LIBOR Transition

The financial industry and global regulators are transitioning from the London Interbank Offered Rate (LIBOR) to more robust alternative reference rates.

LIBOR is the most commonly used benchmark for short-term interest rates, often referenced globally in derivative, bond and loan documentation. It is estimated that $223 trillion of financial contracts and securities are tied to USD LIBOR and that matters to everyone – small businesses, corporations, banks, broker dealers, consumers, and investors. The transition from LIBOR to alternative interest rate benchmarks is well underway, but much work lies ahead.

LIBOR is referenced by approximately $223 trillion of financial products. Today’s LIBOR is informed primarily (and sometimes entirely) by “expert judgement” from estimates of transactions, not actual transactions. As a result, LIBOR doesn’t necessarily reflect the true cost of bank funding and is vulnerable to volatility and manipulation. Global regulators saw the problem with placing the foundation for global financial markets on such a construct nearly a decade ago, and they began to examine how more robust alternative reference rates could be identified or developed to replace LIBOR. As such, the regulatory community continues to believe that LIBOR is not a suitable rate and market participants must transition to alternative reference rates.

LIBOR Will End, Have No Doubt

LIBOR is ending, make no mistake about it. Most non-U.S. Dollar LIBOR tenors will cease on December 31, 2021. For U.S. Dollar denominated LIBOR, which includes the largest and most important tenors of LIBOR, cessation will occur on June 30, 2023. Federal banking regulators have issued guidance that regulated entities should cease executing new LIBOR transactions by the end of 2021 and expeditiously transition existing contracts to new reference rates, noting that “the agencies believe entering into new contracts that use USD LIBOR as a reference rate after December 31, 2021, would create safety and soundness risks and will examine bank practices accordingly” and have reiterated the “intense” supervisory focus on this issue. This regulatory posture has been echoed in the U.K and Europe and regulators are demanding in no uncertain terms that their regulated institutions move away from LIBOR this year. In October, the five federal financial institution regulatory agencies issued a joint statement to emphasize expectations that supervised institutions with LIBOR exposure continue to progress toward an orderly transition away from LIBOR. They noted, “failure to adequately prepare for LIBOR’s discontinuance could undermine financial stability and institutions’ safety and soundness and create litigation, operational, and consumer protection risks.”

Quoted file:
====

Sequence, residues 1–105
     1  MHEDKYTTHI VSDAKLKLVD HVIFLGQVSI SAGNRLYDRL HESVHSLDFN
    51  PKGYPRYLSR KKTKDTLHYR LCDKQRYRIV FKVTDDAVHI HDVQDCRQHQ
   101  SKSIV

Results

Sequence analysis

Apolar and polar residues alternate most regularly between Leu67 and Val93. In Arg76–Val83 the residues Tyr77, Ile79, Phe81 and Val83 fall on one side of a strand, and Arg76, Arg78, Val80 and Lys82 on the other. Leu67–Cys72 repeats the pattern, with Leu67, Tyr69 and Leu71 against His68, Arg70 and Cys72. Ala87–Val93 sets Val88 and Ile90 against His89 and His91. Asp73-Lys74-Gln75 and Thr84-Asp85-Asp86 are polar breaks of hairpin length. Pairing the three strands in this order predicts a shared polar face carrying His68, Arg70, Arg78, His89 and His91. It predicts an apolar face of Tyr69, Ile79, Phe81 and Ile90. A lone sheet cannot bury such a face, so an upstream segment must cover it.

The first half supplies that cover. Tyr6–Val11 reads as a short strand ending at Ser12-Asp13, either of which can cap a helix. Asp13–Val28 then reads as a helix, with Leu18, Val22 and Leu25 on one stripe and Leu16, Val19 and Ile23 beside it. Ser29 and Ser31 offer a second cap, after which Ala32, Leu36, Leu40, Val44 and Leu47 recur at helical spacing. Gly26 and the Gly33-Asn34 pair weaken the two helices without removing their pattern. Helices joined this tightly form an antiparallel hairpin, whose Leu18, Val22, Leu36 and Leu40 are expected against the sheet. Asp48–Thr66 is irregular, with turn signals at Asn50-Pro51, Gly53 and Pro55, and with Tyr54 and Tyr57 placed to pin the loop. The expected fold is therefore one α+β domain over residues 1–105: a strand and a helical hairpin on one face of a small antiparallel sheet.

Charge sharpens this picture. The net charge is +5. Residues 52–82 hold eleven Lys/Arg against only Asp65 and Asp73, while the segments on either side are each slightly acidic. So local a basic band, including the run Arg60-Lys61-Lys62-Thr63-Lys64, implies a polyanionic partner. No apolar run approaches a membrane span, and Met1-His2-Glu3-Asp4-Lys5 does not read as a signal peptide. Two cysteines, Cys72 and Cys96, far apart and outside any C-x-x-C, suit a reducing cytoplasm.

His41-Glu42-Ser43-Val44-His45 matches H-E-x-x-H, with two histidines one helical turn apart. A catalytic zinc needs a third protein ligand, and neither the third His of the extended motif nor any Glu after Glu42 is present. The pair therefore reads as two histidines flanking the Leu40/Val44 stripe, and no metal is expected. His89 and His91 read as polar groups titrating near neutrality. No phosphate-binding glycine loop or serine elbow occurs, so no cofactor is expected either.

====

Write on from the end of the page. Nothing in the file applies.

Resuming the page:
The Uptake on SOFR

Through the Alternative Reference Rates Committee (ARRC), the Federal Reserve Board and New York Federal Reserve gather over 300 institutions, including SIFMA, to work on issues including legacy transactions, implementation of robust fallback provisions, and development of term rates in support of a successful transition to alternative reference rates. In 2017, the ARRC issued a recommendation that the Secured Overnight Financing Rate (SOFR) would be the preferred, robust alternative to LIBOR. SOFR is a fully transaction-based rate, referencing the previous day’s activity in the repurchase markets. SOFR is based on approximately $1 trillion of daily transactions from a wide range of market participants and is administered by the New York Fed. SOFR is, by intent and construction, a reliable and representative indicator of market interest rates; it is published on a daily basis by the New York Fed. The ARRC followed this milestone with the development and publication of numerous recommendations, guidance documents, and reference materials to promote a steady progression towards a successful transition away from LIBOR in line with its Paced Transition Plan, which lays out goals and
milestones for this important work. The market has broadly accepted this work, as shown by the usage of ARRCrecommended fallback language in new transactions, the issuance of significant amounts of debt referencing SOFR and the execution of trillions of dollars of SOFR-based swaps and futures contracts.

Federal Legislation for Tough Legacy Problems

SIFMA believes federal legislation is necessary to facilitate a smooth transition away from LIBOR for “tough legacy” contracts to an alternative reference rate. There are currently trillions of dollars of existing contracts and instruments that, as a practical matter, cannot be amended to utilize an alternative rate. SIFMA is supportive of federal legislation aligned with recommendations from the ARRC to address these situations where contracts cannot be easily transitioned from LIBOR due to legal or regulatory reasons. We believe such legislation would benefit all market participants including LIBOR’s end users, who range from investors to companies to consumers. The legislation would provide four key benefits: (1) certainty of outcomes; (2) fairness and equality of outcomes; (3) avoidance of years of paralyzing litigation; and (4) preservation of liquidity and market resilience.

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